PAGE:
That's no broad statement pulled out of thin air either. Gun advocates turn a blind eye that statistically, the USA has the highest gun related death rate than anywhere else in the world, supported by hundreds if not thousands of credible scientists, statisticians and agencies around the planet.

You are a latecomer to the party, but your comments have all been covered. I live in a free state ruled by law. In the main I have simply been pointing out the law. The US Constitution protects my natural rights. One of which is the right to keep and bear arms. Spew your vitriol, all you like. I have the law on my side.

Edited by waitforufo
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It didn't have to end like this...

...

One more.

http://www.ncbi.nlm.nih.gov/pubmed/15701912

From that one:

CONCLUSIONS:

 

The 4 practices of keeping a gun locked, unloaded, storing ammunition locked, and in a separate location are each associated with a protective effect and suggest a feasible strategy to reduce these types of injuries in homes with children and teenagers where guns are stored.

Thumbs up. :)

I took another look at DC v. Heller.

 

http://www.supremecourt.gov/opinions/07pdf/07-290.pdf

http://www.loc.gov/law/help/second-amendment.php

 

Sorry people, no trigger locks. I seems simple to assume that would also apply to gun safes.

No; that does not follow. IOW, it's a logical fallacy.

 

You are a latecomer to the party, but your comments have all been covered. I live in a free state ruled by law. In the main I have simply been pointing out the law. The US Constitution protects my natural rights. One of which is the right to keep and bear arms. Spew your vitriol, all you like. I have the law on my side.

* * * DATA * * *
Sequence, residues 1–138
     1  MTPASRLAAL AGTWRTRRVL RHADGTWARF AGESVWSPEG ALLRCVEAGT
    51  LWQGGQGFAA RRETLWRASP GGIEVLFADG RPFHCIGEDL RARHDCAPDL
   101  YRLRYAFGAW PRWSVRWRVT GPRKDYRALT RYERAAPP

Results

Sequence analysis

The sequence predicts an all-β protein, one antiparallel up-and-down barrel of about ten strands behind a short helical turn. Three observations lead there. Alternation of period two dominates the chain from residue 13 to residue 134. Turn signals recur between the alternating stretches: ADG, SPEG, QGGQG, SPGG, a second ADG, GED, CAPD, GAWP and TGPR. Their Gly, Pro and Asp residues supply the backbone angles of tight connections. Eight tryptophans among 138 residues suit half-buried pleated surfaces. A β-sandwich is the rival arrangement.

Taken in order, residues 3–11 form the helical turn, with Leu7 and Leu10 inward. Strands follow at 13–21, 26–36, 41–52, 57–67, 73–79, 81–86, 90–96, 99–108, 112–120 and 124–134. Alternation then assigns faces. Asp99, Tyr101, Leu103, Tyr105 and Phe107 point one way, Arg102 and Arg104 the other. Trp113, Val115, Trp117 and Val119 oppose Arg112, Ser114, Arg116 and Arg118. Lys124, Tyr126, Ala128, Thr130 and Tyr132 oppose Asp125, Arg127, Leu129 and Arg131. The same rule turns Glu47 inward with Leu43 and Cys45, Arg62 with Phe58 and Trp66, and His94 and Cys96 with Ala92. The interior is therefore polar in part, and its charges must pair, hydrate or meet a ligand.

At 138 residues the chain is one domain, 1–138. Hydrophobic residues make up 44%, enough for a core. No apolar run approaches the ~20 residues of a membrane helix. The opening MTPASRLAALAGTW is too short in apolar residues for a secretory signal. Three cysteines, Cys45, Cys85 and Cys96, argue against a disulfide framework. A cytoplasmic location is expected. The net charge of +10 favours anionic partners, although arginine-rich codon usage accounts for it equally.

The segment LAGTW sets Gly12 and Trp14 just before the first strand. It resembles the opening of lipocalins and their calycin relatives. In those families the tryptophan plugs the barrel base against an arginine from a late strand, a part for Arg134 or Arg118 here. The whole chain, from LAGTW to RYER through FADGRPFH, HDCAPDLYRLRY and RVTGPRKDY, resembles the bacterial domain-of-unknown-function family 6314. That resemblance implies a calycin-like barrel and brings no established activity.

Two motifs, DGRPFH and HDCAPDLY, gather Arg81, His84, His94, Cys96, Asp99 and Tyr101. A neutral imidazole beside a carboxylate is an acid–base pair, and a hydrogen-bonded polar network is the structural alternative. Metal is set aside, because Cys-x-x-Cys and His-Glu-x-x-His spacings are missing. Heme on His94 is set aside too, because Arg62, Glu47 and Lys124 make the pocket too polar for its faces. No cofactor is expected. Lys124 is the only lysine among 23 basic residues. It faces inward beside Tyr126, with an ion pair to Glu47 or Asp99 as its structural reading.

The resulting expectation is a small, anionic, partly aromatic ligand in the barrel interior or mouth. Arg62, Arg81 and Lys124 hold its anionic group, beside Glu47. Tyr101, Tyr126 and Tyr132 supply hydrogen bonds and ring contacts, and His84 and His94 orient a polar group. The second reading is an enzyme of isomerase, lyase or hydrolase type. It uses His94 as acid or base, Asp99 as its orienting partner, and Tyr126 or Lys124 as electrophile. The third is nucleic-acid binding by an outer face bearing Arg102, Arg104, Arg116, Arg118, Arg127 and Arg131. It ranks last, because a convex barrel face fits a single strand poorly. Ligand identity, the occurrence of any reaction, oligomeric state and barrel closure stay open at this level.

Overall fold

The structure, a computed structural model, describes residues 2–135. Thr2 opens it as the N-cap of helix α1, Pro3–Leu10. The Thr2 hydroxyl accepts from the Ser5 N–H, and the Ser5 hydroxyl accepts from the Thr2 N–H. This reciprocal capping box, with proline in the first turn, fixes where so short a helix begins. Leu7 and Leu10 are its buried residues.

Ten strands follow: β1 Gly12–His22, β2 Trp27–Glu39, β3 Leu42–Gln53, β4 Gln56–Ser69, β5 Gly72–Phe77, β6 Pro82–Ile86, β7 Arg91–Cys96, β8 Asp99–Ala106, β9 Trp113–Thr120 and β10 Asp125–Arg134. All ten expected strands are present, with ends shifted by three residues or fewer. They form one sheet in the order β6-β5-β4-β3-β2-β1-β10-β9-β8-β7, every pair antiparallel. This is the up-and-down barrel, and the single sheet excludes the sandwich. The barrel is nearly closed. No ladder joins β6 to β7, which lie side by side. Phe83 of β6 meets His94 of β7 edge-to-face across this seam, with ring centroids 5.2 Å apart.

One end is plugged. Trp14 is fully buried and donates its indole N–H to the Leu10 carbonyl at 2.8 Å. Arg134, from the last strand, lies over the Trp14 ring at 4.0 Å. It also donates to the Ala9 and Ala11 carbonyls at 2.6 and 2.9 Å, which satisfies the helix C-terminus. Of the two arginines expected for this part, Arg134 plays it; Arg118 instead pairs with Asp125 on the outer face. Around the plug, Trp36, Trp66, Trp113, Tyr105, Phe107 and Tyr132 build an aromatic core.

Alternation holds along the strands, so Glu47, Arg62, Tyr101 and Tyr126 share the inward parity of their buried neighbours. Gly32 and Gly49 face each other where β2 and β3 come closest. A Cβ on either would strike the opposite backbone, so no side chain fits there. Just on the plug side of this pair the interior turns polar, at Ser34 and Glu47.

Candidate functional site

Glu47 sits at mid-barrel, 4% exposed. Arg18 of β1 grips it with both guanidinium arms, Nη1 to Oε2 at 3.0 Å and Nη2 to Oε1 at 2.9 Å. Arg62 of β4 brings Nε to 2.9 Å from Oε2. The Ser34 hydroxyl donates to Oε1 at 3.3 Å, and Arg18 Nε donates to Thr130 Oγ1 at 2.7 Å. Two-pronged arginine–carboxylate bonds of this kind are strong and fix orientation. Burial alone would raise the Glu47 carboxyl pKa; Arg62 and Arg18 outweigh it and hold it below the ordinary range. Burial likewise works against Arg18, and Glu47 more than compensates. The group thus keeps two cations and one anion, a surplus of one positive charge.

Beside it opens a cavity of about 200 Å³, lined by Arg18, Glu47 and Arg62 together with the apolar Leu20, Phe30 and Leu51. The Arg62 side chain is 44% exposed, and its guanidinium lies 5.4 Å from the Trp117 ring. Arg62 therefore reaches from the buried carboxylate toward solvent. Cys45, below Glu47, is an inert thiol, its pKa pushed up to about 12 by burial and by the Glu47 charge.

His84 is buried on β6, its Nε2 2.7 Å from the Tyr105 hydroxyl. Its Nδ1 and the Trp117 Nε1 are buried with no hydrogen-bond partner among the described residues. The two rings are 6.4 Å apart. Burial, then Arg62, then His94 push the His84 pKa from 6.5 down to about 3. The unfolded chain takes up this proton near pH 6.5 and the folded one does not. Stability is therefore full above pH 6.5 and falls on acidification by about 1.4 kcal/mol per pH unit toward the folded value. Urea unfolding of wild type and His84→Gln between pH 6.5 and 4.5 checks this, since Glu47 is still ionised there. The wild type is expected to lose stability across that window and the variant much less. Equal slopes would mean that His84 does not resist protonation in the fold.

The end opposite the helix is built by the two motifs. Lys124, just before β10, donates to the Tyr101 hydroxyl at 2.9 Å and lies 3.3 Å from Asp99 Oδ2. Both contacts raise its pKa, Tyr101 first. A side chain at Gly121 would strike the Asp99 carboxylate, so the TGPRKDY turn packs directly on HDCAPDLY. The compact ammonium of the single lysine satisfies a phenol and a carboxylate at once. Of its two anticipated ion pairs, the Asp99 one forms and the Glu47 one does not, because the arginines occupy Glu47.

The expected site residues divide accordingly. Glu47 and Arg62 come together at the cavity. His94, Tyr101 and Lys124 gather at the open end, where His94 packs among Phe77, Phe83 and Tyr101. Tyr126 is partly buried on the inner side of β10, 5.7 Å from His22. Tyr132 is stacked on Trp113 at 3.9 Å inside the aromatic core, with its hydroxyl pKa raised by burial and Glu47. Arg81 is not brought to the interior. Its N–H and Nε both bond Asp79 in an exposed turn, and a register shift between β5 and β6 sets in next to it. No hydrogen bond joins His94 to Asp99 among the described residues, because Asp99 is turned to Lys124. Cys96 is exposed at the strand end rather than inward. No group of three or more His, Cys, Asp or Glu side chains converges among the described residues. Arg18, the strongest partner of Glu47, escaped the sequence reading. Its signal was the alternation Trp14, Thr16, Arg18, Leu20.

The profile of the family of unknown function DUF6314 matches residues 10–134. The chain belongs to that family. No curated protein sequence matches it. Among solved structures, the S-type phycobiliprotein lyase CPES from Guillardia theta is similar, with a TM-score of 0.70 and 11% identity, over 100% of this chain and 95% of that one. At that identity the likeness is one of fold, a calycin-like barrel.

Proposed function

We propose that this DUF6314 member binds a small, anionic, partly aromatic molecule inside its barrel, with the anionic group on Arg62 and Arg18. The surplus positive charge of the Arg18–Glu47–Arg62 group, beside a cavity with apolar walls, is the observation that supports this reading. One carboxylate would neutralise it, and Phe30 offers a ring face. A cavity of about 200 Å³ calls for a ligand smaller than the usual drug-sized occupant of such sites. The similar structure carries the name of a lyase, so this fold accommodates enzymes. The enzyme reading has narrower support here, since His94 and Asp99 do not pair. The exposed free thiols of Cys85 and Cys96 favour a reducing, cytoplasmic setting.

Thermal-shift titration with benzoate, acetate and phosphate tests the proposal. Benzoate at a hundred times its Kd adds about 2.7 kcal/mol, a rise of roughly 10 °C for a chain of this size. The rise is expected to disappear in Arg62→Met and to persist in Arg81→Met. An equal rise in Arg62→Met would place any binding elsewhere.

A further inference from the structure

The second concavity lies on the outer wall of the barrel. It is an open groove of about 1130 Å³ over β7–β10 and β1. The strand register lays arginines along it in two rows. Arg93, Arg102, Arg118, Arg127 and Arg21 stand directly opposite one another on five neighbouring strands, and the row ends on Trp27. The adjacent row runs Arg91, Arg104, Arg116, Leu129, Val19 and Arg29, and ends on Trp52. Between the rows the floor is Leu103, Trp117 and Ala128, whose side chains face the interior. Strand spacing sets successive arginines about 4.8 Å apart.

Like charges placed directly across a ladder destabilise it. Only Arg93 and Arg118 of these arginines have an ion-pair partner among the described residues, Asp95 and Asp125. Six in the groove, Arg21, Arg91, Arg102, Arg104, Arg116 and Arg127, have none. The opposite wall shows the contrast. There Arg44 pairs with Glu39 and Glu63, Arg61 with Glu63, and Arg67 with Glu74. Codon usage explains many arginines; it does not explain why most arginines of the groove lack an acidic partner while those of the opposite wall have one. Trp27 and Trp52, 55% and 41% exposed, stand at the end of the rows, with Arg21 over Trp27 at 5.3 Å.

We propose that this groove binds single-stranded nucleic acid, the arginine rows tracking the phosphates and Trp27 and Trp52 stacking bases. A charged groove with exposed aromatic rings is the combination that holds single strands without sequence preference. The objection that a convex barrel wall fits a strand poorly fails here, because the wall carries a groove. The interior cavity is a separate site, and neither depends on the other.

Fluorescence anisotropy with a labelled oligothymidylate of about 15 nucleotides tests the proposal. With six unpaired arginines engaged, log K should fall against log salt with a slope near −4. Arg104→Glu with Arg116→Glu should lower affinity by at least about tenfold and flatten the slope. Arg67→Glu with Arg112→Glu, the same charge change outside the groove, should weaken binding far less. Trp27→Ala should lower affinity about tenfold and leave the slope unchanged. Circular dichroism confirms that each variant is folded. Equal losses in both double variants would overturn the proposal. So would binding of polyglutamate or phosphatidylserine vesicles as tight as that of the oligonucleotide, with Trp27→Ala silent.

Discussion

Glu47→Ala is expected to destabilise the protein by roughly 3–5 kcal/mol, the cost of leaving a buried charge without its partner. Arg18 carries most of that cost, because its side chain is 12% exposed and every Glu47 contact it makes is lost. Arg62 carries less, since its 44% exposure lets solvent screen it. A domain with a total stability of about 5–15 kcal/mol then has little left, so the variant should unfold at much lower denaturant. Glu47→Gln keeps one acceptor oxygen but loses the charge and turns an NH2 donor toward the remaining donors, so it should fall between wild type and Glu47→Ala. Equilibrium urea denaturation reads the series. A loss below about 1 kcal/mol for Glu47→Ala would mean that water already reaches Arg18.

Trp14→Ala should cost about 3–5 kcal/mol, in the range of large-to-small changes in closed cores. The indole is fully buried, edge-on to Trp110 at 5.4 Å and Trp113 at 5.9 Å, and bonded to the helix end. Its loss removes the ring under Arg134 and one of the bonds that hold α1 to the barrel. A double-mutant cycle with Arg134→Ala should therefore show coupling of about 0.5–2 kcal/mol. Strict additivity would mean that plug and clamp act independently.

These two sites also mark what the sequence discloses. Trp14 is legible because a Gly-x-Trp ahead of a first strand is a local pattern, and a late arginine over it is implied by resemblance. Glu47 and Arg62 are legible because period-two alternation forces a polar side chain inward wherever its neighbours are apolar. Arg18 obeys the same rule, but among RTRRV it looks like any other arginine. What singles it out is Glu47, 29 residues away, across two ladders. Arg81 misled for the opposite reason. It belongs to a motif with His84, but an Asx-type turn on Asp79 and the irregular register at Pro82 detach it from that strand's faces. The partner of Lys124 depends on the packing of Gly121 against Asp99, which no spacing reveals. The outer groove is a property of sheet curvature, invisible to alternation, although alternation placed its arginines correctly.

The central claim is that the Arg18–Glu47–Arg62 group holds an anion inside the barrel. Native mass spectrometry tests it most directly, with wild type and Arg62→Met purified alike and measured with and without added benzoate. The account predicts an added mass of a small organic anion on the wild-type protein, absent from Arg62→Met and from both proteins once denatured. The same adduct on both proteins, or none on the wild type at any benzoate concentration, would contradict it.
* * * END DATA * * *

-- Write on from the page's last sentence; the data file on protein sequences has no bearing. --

What has also been covered is that laws are amendable and many of us have given reasonable arguments as to why many of the laws governing guns should be amended. Edited by Acme
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I have the law on my side.

 

Unless your the leader or member of a "well regulated militia" with legitimate standing, everything you've stated is ridiculous and meaningless.

 

Why don't you just man up and say your perception of guns, gun ownership and gun laws trump the lives and liberties of our kids instead of hiding behind this militia nonsense.

 

There are no militias. There are only gun nuts pretending to be. They are neither "well-regulated" nor wholly law abiding. Cliven Bundy was mentioned, as if he's something to be revered or respected example to uphold the law, when in fact they're lawless, self serving and outright dangerous to anyone outside their realm. They co-opted public land for their own selfish purposes, refused to pay taxes and threatened authority with violence and retribution. Only an idiot would view them as "well regulated".